Posted in Challenges, Family, Improving Self, Parenting

Courtesy: teaching my child

Lovely Readers,

How do you teach a preschooler manners besides constant reminders and being courteous yourself?

Graciously speaking and actions toward others to show your respect towards them and show you value them (The Virtue Project).

Going back to a previous post which I briefly discussed a useful article from the New York Times entitled “Raising A Moral Child,” which focuses, in my opinion, on raising an altruistic and caring child. After rereading the article, I found very useful points about instilling courtesy in a child:

  1. Praising effort is more effective than praising ability.
  2. Compliment behavior, not the child.
  3. Praising character is also effective–“being a helper.”
  4. Actions speak louder than words — from parent to the child– child learn from parents’ actions more than their words.

  5. Parents reactions and disciplinary means makes a huge difference: “…Praise in response to good behavior may be half the battle, but our responses to bad behavior have consequences, too. When children cause harm, they typically feel one of two moral emotions: shame or guilt. Despite the common belief that these emotions are interchangeable,research led by the psychologist June Price Tangney reveals that they have very different causes and consequences. 

    Shame is the feeling that I am a bad person, whereas guilt is the feeling that I have done a bad thing. Shame is a negative judgment about the core self, which is devastating: Shame makes children feel small and worthless, and they respond either by lashing out at the target or escaping the situation altogether. In contrast, guilt is a negative judgment about an action, which can be repaired by good behavior. When children feel guilt, they tend to experience remorse and regret, empathize with the person they have harmed, and aim to make it right.

    In one study spearheaded by the psychologist Karen Caplovitz Barrett, parents rated their toddlers’ tendencies to experience shame and guilt at home. The toddlers received a rag doll, and the leg fell off while they were playing with it alone. The shame-prone toddlers avoided the researcher and did not volunteer that they broke the doll. The guilt-prone toddlers were more likely to fix the doll, approach the experimenter, and explain what happened. The ashamed toddlers were avoiders; the guilty toddlers were amenders.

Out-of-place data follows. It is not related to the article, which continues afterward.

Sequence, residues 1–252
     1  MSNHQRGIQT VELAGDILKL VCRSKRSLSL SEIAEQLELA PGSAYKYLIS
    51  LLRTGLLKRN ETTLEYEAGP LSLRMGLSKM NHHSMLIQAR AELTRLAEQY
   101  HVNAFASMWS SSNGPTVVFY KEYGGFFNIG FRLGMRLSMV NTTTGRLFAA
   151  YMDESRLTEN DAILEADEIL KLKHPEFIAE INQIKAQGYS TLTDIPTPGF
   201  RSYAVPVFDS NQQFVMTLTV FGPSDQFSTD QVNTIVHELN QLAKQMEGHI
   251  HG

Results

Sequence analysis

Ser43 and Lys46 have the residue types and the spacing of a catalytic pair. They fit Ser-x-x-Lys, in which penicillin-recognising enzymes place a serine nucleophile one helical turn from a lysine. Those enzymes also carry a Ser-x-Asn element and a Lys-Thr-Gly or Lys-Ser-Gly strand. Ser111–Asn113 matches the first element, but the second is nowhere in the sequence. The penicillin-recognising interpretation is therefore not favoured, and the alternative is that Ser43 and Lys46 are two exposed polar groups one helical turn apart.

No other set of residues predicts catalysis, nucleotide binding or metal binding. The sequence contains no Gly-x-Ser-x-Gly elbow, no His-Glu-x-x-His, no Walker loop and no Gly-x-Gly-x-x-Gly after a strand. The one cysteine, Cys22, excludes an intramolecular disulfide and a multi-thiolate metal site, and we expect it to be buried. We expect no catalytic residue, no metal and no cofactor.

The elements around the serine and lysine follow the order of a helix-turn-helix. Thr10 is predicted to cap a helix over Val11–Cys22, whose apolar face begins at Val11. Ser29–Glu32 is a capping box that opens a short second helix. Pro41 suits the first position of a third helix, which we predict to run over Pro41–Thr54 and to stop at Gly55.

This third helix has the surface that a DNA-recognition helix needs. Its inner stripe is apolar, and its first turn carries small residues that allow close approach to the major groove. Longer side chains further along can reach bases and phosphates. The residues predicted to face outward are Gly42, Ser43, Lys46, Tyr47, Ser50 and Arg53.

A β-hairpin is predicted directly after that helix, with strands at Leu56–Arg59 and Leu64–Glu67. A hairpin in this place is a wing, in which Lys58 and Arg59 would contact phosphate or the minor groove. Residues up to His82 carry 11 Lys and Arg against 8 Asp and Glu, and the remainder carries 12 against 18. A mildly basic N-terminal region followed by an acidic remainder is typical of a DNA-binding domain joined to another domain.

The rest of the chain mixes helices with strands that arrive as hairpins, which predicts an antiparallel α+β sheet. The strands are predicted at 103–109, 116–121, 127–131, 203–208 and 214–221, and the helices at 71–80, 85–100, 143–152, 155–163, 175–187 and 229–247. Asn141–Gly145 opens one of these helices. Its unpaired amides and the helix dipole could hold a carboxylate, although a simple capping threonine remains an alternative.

If we want our children to care about others, we need to teach them to feel guilt rather than shame when they misbehave. In a review of research on emotions and moral development, the psychologist Nancy Eisenberg suggests that shame emerges when parents express anger, withdraw their love, or try to assert their power through threats of punishment: Children may begin to believe that they are bad people. Fearing this effect, some parents fail to exercise discipline at all, which can hinder the development of strong moral standards….”

  6. Expressing disappointment is most effective in responding to bad or unwanted behavior, then explain why it was wrong; how it affects others; and how they can rectify the situation themselves.
  7. Again, actions speak louder than words–parents must model the behavior too!

What I find rather, I think the word is, ironic is that my Mother-in-law told me about most of these aspects. I asked her about how she dealt with my Husband as a child hoping to maybe do the same with my son and his behavior issues. She specifically stated #6 though I doubt this article was around in the late 1980s.

She also informed me how when little ones interrupt their parents, that it is the most important thing that moment and they must share it with that parent. She recommended that, for example, if I am on the phone and my son interrupts I should:

  1. Explain why I need to talk and that I will talk to them A.S.A.P.
  2. Try to actually get off the phone quickly, if possible.
  3. Have the child wait right there with you, which shows that the parent finds what the little one has to say is important.
  4. Once off the phone, ask “Tell me what is important to you” and listen, then resolve, if necessary.
  5. Finally, talk to them about interruptions and waiting.

Another disciplinary recommendation she made is for when my little one is being bothersome and/or in your face:

  1. Remember that it is a way to get your attention.
  2. They are usually bored and they do not necessarily know how to handle it–they may feel out of place and/or struggle with this idea.
  3. They need to find something else to do to entertain them and they are asking for your help.

These are just things I never thought about or realize that it is what my little one is or is not saying, but I realized is very true. It is fascinating that this understanding of our children at such a young age is showing to be consistent through the decades and it is most helpful.

I hope this was helpful for you. It was very much for me. Please feel free to leave a comment on the post or use the Contact Me Page. I look forward hearing from you all, dearest Readers.

With love,

Laili

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I am a job seeker. I am looking for a position in a fast pace office setting that is seeking a loyal, dedicated, quick learner who wants to help and improve those around them.

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